Hope this helps you Lane. You really do not need a lot of expensive, fancy gadgets. It sounds to me like you’ve already learned the secret… if you can read and follow instructions… you can cook! Here is a hearty winter recipe that ought to satisfy both your red-meat-and-potatoes husband and your 4-year old soup convert. Keep rocking out those recipes in style!

Harvest Comfort Short Ribs

Servings: 4
Ingredients:
2 racks of beef short ribs (4 pounds)
1/4 cup flour
1 teaspoon pepper + more to taste
1 teaspoon salt + more to taste
3 Tablespoons canola oil, divided
1 large onion, chopped
3 celery stalks, chopped
3 large carrots, chopped
3 large parsnips, chopped
3 cloves garlic, minced
2 bay leaves
2 teaspoons fresh thyme, chopped (or 1 teaspoon dried)
2 teaspoons fresh rosemary, chopped (or 1 teaspoon dried)
2 cups dry red wine
14 1/2 oz can diced tomatoes
3 cups beef broth
Italian parsley, chopped

Directions:

1). Heat 1/2 of the oil in a large Dutch oven over medium heat. Mix flour, 1 teaspoon freshly ground black pepper, and 1 teaspoon salt. Dredge the short ribs in the flour mixture, shake any excess off, and brown on all sides in the Dutch oven (you may need to work in batches). Remove to a plate and tent with foil to keep warm.
2). Add the rest of the oil to the pan, then add onion, celery, carrots, and parsnips. Cook until softened and starting to caramelize, 7-8 minutes. Add garlic, bay leaves, thyme, and rosemary, cook 2-3 minutes, giving it a good stir.
3). Pour in red wine, stirring and scraping up any brown bits from bottom of pan, bring to boil and cook until reduced by 1/2. Add diced tomatoes, and beef broth. Return to boil, then reduce heat to medium low. Cover and simmer gently for 2-3 hours, until meat is so tender it falls from the bones. Stir occasionally, and make sure there is always at least 1 inch of liquid in the pan (adding more broth or water if necessary).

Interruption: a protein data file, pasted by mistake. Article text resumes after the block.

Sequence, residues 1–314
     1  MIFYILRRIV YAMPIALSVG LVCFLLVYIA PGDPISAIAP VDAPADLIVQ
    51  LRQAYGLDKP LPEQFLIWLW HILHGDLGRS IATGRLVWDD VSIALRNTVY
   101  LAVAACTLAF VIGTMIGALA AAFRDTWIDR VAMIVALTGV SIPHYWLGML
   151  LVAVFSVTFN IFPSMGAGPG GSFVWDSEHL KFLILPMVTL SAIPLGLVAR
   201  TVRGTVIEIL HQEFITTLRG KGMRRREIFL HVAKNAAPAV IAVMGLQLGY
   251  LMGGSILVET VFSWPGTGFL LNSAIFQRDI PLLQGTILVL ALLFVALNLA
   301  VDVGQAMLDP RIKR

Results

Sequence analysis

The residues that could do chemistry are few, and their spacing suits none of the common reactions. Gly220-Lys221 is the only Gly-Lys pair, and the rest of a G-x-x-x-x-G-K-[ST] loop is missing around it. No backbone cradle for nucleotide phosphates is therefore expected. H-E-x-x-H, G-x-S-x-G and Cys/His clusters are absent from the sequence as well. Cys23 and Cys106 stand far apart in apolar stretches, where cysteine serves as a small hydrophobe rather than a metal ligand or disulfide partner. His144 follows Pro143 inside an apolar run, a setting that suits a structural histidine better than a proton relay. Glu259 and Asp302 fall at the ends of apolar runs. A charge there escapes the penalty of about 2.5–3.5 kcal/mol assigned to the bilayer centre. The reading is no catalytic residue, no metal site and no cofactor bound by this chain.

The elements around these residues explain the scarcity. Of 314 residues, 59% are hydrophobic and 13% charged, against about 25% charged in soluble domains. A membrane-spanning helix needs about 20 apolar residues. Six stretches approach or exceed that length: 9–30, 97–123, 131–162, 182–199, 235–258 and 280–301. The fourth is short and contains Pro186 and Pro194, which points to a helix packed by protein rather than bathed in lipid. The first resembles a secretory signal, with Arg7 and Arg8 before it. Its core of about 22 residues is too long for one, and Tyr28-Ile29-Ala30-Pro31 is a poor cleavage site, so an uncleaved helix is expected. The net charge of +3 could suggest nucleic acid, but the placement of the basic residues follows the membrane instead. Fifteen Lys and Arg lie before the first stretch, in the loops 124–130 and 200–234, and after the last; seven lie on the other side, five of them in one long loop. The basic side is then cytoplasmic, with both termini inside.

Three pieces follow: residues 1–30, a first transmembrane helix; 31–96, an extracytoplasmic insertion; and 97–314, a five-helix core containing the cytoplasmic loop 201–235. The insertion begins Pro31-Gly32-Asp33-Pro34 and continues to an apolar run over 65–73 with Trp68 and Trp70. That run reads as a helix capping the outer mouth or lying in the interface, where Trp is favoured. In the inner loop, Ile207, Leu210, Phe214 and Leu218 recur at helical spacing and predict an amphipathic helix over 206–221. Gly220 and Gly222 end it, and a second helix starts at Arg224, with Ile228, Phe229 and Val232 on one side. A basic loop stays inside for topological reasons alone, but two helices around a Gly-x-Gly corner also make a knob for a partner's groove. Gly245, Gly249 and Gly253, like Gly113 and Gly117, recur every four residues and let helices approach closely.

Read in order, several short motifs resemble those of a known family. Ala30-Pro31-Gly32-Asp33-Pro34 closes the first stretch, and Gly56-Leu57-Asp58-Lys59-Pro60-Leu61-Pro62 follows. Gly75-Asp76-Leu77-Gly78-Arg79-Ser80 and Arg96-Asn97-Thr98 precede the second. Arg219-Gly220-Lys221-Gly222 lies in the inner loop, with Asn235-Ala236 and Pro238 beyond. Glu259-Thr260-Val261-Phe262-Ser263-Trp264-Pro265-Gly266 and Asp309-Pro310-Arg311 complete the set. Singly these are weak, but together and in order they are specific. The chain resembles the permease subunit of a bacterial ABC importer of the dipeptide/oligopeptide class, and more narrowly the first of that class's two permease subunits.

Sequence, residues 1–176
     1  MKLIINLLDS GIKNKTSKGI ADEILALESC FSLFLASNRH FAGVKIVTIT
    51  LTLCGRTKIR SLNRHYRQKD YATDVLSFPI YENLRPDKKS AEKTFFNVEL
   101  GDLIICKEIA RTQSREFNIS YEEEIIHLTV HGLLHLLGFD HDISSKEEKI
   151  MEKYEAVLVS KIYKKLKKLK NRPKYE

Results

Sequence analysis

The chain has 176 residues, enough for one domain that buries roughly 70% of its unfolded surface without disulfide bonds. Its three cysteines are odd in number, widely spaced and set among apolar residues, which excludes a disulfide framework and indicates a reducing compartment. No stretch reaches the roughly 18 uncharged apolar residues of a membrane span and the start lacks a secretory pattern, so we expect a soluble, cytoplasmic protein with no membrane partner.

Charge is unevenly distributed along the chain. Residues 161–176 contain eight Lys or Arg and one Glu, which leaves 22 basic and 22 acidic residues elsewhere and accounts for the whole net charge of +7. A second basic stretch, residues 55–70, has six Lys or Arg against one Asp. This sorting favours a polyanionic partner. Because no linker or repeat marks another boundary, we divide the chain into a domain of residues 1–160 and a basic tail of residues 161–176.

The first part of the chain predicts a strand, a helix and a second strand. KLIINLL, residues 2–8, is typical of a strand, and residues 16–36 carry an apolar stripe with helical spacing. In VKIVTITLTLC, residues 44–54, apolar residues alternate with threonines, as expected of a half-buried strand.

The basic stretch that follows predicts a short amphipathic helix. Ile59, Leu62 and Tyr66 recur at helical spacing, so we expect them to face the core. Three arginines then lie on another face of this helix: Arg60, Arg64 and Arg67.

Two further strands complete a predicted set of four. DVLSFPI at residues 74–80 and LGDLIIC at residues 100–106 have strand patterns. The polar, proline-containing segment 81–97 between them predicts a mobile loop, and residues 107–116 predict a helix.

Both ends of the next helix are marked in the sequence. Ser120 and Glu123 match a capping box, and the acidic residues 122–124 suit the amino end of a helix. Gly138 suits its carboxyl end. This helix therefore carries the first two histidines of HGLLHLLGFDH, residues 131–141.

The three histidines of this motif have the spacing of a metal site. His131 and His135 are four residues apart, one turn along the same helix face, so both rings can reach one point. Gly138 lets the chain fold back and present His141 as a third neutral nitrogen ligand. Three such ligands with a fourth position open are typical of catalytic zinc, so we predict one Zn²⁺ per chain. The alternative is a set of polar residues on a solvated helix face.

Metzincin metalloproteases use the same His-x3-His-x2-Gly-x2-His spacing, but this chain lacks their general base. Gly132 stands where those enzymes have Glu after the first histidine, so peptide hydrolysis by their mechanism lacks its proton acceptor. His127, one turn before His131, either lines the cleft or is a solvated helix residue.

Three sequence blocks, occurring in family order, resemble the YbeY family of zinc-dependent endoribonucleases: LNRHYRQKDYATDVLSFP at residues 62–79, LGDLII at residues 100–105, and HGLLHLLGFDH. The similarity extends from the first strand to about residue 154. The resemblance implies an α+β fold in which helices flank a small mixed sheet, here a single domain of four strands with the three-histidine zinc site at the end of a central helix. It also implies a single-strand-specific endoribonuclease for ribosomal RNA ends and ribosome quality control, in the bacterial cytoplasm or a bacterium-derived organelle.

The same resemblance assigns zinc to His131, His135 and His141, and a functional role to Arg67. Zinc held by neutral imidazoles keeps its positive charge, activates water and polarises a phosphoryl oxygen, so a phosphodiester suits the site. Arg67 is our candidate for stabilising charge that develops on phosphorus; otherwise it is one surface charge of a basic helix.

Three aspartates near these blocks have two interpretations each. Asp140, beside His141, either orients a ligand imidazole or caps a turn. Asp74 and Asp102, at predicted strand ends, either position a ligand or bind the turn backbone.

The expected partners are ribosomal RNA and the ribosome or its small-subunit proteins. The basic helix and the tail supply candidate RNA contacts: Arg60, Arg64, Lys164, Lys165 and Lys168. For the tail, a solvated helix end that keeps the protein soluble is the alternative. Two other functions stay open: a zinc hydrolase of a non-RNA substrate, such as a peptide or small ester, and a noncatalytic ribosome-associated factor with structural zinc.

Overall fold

4). Transfer meat to a platter and tent with foil to keep warm. Skim fat, bring to boil, and cook until sauce has thickened, 10-15 minutes if necessary. Remove bay leaves, pour over meat, and sprinkle with chopped parley.

Serving Suggestions:

Serve over mashed potatoes, with egg noodles, or fresh crusty bread.

 IS OUR VERSION OF THE SYNDICATED COLUMN “DEAR ABBEY,” ONLY ON KITCHEN WOES RATHER THAN THOSE OF THE HEART. SEND US YOUR COOKING DESIRES, QUERIES, AND CATASTROPHES TO DEARJEWELS (AT) JULIEANNERHODES (DOT) COM.

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  • January 20, 2010
    11:32 pm

    Hi Julie Anne,It's good to know that I own all these essential cooking utensils. I totally agree with you that good quality knives is recommended. When I got married one of my gifts was a gift voucher to a department store. The first thing I bought was a set of good quality knives which cost around $365 Australian dollars.It may seem excessive to some, but they really are the best knives I have ever used. Love the recipe included. It is definately my kind of comfort food for winter…I can just taste the flavours. Served with mashed potatoes, it is my kind of heaven..mmm…love it. Yet another delicious recipe added to my collection.Aussie Mum

  • January 21, 2010
    1:13 am

    Hi Julie Anne,I forgot to mention in my earlier comment that my husband and I had your Lee's Shuswap Ribs the other night. It was soooo good that we are having them again on the BBQ tonight with some friends. It was just so finger lick'n good. I love the maple syrup in this recipe. I have always used honey in the past but maple is better. The use of red chilli flakes is good too, just that little bit of heat.They are currently marinating in the fridge, so they will be full of flavour for tonights dinner…..mmmmm cannot wait and I'm sure our friends will love it too.Aussie Mum

  • January 21, 2010
    2:30 am